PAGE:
Cutaneous Lymphoma Clinic Now Operating at UC Health Barrett Cancer Center

CINCINNATI—Sept. 1, 2015— Experts at the University of Cincinnati (UC) Cancer Institute are now offering a clinic for a rare form of cancer, providing cutting-edge care in a convenient location for cutaneous lymphoma patients in the Tristate.

The clinic, which is held from 1 to 5 p.m. every third Thursday of the month in the UC Health Barrett Cancer Center’s Area E, will focus on treatment of this non-Hodgkin lymphoma, which is a type of cancer of the immune system. Unlike most non-Hodgkin’s lymphomas, most cutaneous lymphomas are caused by a mutation of T-cells, which usually help maintain the immune system in the body.

“This unique specialty clinic allows us to treat patients throughout Ohio, Kentucky and beyond in one dedicated location,” says Kerith Spicknall, MD, adjunct assistant professor in the Department of Dermatology at the UC College of Medicine, UC Health dermatologist and a member of the institute. “While there are few patients with this diagnosis, our multidisciplinary program will allow experts in dermatology to work with oncologists and radiation oncologists to provide therapies closer to home.”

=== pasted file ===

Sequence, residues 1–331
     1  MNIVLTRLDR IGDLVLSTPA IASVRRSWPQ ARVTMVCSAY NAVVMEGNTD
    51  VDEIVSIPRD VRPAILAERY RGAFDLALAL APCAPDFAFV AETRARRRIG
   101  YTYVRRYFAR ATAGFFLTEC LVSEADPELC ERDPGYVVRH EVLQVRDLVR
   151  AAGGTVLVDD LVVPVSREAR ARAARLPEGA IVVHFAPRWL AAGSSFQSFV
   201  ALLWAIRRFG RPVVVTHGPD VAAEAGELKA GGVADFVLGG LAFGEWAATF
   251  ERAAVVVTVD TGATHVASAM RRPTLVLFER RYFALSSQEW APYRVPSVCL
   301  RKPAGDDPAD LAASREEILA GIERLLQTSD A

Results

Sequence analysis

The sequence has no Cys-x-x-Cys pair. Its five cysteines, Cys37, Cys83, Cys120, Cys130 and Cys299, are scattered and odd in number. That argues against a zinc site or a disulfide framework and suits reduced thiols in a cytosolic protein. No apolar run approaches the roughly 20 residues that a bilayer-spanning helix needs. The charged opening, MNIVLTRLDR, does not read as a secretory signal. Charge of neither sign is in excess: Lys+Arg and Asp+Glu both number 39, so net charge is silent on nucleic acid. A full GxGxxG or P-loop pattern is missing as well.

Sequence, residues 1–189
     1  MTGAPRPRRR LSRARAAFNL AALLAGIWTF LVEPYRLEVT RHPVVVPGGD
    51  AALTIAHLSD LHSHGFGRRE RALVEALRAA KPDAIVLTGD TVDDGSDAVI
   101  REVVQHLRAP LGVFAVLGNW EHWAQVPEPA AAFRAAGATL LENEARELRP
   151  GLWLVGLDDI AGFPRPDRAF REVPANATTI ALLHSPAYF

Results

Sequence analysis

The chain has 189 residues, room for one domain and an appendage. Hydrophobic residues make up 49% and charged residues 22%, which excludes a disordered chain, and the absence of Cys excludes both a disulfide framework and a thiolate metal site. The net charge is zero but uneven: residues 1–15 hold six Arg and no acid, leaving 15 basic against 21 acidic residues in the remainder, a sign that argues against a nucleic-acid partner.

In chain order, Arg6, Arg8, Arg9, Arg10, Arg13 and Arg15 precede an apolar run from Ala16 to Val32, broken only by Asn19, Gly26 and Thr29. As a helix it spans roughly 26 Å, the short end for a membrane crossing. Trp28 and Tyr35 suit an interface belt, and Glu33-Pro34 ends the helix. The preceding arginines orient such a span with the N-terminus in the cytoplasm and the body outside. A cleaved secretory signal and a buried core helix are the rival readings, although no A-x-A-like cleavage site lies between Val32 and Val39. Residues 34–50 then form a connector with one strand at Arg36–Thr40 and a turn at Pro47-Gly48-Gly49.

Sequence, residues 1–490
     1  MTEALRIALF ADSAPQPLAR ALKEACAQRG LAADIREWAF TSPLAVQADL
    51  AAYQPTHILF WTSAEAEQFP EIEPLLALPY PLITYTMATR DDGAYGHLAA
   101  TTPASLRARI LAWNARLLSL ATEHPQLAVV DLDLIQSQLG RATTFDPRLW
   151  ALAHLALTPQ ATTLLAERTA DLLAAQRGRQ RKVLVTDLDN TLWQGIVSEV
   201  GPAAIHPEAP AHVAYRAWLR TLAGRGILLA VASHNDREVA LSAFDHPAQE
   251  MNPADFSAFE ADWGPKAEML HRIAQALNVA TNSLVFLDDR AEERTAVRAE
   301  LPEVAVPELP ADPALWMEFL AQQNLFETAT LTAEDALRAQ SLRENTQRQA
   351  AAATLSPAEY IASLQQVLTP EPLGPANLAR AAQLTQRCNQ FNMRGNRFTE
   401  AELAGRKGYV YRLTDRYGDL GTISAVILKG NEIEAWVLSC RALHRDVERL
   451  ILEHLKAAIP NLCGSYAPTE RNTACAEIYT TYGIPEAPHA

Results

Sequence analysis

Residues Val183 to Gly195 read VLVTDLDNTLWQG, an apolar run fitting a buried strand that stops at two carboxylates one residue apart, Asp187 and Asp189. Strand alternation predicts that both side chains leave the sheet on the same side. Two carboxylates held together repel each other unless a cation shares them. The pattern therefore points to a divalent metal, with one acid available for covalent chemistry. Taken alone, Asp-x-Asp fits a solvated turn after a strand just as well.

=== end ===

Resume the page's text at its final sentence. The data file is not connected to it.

Spicknall adds that adjunct UC faculty member Debra Breneman, MD, who is a nationally known expert in this lymphoma, will be seeing patients with her in the clinic.

“The patients cared for at the Barrett Center have access to extracorporeal photopheresis therapy provided by the experienced therapeutic apheresis staff at Hoxworth Blood Center. The Barrett Center also provides total skin electron beam therapy, which is a unique treatment only offered locally by UC Health,” she says.

Photopheresis is a form of apheresis—or blood separation—in which white blood cells are collected, treated with a specific medication, exposed to ultraviolent light and given back to the patient. Total skin electron beam therapy involves treating the entire skin surface using low-energy electron beams generated by a linear accelerator. The electrons only penetrate the skin, sparing deeper tissues and organs from radiation.

“Being an educational institution also allows us to give fellows, residents and students the experience of working with and treating this subgroup of patients,” Spicknall says, adding that she intends to offer clinical trials at the location in the future. “We’re thrilled to offer these services to patients in a convenient location close to home.”

To schedule an appointment, call 513-475-7630.

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